Jennifer Harbury’s career as a lawyer in Texas was the prelude to her front-page fight with the U.S. intelligence community.
During the first week of April, as the Legislature considered the case for concealed weapons, Texas mourned the consequences of two gun-related tragedies in Corpus Christi: the murder of Tejano superstar Selena Quintanilla Perez and the shooting of five workers at a refinery inspection company by a disgruntled
There ought to be a law against the Texas bar exam. It’s irrelevant, illogical and just plain nutty.
To win a high-profile these days, you need to hire a jury consultant. Galveston's Robert Hirschhorn is one of the best.
Without regrets, Harris County district attorney Johnny Holmes puts more criminals on death row than any U.S. lawman.
When millionaire tennis star Martina Navratilova and her lover went to court, it was the lawyers who won.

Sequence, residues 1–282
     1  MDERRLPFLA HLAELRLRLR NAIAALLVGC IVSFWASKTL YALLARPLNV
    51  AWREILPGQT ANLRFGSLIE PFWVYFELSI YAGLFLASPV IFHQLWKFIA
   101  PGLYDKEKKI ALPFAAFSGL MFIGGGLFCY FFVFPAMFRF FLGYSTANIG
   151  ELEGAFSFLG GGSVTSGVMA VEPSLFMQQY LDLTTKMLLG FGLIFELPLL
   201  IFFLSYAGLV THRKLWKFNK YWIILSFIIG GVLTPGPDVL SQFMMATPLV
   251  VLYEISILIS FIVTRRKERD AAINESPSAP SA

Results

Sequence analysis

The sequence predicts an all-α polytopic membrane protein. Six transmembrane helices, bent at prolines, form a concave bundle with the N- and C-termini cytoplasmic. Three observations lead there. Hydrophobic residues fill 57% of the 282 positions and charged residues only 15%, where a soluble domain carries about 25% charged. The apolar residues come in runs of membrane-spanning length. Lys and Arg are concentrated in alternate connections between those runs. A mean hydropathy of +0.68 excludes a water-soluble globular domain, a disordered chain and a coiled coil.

A Dallas lawyer is urging his colleagues to put rhyme and reason back into legal writing—by using plain old English.
The highway patrol unveils a new secret weapon in its war against unrepentant speeders.
A prisoner’s efforts at legal aid for fellow inmates could right wrongs—but is it good strategy to threaten a judge?
Judges take his money. Juries buy his bull. And when clients like Pennzoil need a tiger in their tank, they hire Joe Jamail.
Justices of the peace, maligned since the days of Roy Bean, don’t operate like other judges. But if lawyers want to get ride of them, they can’t be all bad.
John Connally on trial.
A law firm of almost 200 attorneys becomes an institution with massive power and life of its own. Three such firms are in Texas, including two of the four largest in the U.S. We open them, for the first time, to the public.
A history of the Texas Rangers.